June 6, 2021

G58: Red Sox 7, Yankees 3

Yankees reliever Chad Green was one strike away from ending the top of the eighth inning with the score  still tied 3-3. Rafael Devers had led off with a single, but Hunter Renfroe and Marwin Gonzalez had followed with a strikeout and a pop to third. 

Green's 2-2 pitch to Kiké Hernández (whose strikeout with runners on second and third to close the sixth had extended his hitless stretch to 27 at-bats) was ripped into left field. It rolled all the way to the wall. Manager Alex Cora had sent Devers on the pitch and enabled him to score the go-ahead run. 

Christian Vázquez made weak contact on a 1-2 pitch (again, Green was one strike away from ending the inning) but placed the ball perfectly, along the right field line for another double and another run. Bobby Dalbec then crushed Green's final pitch of the evening 453 feet to dead center for a two-run homer, and the final nail in the Yankees' 7-3 coffin.

The Yankees blew a 2-0 lead in the sixth inning as New York manager Aaron Boone erred by allowing his starter Jameson Taillon (5.1-6-3-1-3, 76) to face the Boston lineup a third time. On the Fox broadcast, Tom Verudcci avered that sticking with Taillon was warranted because of a low pitch count. Taillon began the inning at only 60 pitches, having allowed three hits in five innings, but a third look is still a third look. And batters hit .350 off Taillon the third time through the lineup.

With one out, Alex Verdugo hit against the shift, poking an 0-2 pitch into the vacant lot near third base. Xander Bogaerts drove another 0-2 pitch to deep left. Miguel Andujar went back to the track but pulled up short of the wall; he did not know where it was and was not feeling for it with his non-glove hand. If Andujar had taken perhaps one additional step back, he could have likely caught the ball. But instead, the ball struck the padded wall above his useless glove and Bogaerts had a double. Taillon fell behind Devers 3-0, worked his way back to a full count, and then gave up a hard grounder to right that scored two runs, turning the Yankees' 2-0 lead into a 2-2 tie. Jonathan Loaisiga took over. Renfroe singled through the shortstop hole for a single and Gonzalez doubled to right, scoring Devers.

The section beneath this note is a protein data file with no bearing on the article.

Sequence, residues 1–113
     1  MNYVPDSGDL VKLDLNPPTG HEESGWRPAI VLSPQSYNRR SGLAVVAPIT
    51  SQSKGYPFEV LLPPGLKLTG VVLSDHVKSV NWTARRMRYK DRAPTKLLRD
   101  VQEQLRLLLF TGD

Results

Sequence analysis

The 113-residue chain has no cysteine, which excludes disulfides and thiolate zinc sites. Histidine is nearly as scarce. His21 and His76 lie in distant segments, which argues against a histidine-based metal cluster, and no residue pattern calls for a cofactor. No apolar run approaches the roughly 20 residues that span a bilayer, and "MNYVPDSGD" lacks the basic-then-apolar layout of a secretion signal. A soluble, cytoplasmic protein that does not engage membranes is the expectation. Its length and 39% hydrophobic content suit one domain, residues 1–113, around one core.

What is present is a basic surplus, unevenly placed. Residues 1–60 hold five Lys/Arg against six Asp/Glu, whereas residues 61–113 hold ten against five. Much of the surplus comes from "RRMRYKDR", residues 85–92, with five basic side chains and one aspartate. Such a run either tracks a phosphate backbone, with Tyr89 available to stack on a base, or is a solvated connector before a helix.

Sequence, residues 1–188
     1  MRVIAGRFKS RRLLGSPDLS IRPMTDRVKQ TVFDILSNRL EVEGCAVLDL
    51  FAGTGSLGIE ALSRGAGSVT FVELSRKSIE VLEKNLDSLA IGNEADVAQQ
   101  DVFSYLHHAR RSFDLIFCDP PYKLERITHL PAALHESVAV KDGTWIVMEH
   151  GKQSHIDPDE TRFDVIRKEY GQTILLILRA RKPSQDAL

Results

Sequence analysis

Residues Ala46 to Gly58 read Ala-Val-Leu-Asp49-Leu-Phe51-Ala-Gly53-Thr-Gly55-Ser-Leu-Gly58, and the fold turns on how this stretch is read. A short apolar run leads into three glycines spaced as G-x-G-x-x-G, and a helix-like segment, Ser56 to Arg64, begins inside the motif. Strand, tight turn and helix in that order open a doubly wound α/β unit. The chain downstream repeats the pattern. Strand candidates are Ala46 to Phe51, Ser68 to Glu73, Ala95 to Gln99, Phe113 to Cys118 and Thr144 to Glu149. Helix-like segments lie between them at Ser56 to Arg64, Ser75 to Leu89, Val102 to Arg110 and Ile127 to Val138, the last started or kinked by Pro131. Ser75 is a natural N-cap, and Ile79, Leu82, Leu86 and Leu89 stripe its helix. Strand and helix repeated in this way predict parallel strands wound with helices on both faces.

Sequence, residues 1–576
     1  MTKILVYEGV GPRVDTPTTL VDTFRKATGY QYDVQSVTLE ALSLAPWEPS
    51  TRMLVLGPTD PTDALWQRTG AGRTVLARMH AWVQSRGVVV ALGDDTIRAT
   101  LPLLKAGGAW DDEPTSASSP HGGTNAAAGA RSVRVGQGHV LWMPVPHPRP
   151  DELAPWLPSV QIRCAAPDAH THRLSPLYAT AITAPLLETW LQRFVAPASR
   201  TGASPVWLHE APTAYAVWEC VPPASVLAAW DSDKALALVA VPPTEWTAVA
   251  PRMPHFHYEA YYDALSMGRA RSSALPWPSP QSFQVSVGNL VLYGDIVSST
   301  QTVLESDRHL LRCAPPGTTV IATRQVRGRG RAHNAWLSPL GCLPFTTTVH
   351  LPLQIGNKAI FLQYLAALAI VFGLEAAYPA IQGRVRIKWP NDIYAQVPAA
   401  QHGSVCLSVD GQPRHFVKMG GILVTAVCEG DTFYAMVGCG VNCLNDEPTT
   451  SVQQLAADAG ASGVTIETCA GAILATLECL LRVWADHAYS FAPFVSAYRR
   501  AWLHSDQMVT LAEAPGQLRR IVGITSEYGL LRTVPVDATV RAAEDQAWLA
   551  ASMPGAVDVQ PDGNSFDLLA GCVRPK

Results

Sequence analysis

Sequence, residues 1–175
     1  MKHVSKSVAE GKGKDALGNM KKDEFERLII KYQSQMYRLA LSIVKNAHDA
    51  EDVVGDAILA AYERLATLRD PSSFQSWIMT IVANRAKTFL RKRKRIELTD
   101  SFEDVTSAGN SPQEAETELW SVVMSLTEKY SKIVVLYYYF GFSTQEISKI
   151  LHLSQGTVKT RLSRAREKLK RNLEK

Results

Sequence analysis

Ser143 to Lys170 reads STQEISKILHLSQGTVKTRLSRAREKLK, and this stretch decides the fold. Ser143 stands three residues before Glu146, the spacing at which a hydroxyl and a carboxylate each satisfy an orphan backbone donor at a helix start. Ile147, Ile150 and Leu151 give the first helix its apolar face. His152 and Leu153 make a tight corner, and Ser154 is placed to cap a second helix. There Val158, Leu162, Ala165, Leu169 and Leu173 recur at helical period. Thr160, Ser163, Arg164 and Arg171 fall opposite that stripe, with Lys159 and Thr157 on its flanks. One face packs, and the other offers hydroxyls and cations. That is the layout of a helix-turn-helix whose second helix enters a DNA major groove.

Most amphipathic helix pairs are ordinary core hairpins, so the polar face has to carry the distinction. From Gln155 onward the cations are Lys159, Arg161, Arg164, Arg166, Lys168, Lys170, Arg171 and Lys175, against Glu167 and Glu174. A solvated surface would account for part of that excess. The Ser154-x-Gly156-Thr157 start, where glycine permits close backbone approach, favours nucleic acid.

Edwardo Rodriguez (5.2-5-3-1-7, 88) was chased in the bottom of the inning by a one-out walk and Aaron Judge's ground-rule double to right. Gleyber Torres (who hit a two-run dong in the fourth) re-tied the game with a sacrifice fly to right, but Chris Gittens, making his major league debut, struck out.

Fox viewers were told that Gittens's family was in the stands. We learned that when Gittens signed his  first professional contract, his father told him he would not attend any game his son played until his reached the major leagues. (Gittens has spent seven years in the minor leagues.) This information was presented in more of a good light than bad, even though to many viewers (including this one), Mr. Gittens came off as a bit of an asshole. Why would you want that factoid revealed on a nationwide broadcast?

In more pleasant news, Verducci is still in love with Aaron Judge, cooing at length about how big and tall the Yankee slugger (still) is, noting that he is the first 6-7 man to play center field since the immortal Walt hood in 1964. Verducci also called Judge an "iconic" feature of Yankee Stadium and referred to the current ball park, which opened in 2009, as "the House that Ruth Built". (Important Note to Verudcci: Ruth died 58 years before construction on the park began.)

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